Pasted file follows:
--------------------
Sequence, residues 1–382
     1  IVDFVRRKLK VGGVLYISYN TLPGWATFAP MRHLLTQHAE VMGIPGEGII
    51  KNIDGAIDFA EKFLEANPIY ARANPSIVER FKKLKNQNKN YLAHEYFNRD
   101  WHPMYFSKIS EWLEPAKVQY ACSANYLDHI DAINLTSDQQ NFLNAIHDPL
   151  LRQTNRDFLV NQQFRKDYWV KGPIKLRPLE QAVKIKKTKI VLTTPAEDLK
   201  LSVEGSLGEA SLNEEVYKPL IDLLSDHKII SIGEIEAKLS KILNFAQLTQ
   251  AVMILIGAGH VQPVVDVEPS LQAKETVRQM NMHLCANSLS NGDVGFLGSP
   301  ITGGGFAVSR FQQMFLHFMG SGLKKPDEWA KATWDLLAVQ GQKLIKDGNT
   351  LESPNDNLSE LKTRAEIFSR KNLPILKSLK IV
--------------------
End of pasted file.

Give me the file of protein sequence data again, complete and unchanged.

Sequence, residues 1–382
     1  IVDFVRRKLK VGGVLYISYN TLPGWATFAP MRHLLTQHAE VMGIPGEGII
    51  KNIDGAIDFA EKFLEANPIY ARANPSIVER FKKLKNQNKN YLAHEYFNRD
   101  WHPMYFSKIS EWLEPAKVQY ACSANYLDHI DAINLTSDQQ NFLNAIHDPL
   151  LRQTNRDFLV NQQFRKDYWV KGPIKLRPLE QAVKIKKTKI VLTTPAEDLK
   201  LSVEGSLGEA SLNEEVYKPL IDLLSDHKII SIGEIEAKLS KILNFAQLTQ
   251  AVMILIGAGH VQPVVDVEPS LQAKETVRQM NMHLCANSLS NGDVGFLGSP
   301  ITGGGFAVSR FQQMFLHFMG SGLKKPDEWA KATWDLLAVQ GQKLIKDGNT
   351  LESPNDNLSE LKTRAEIFSR KNLPILKSLK IV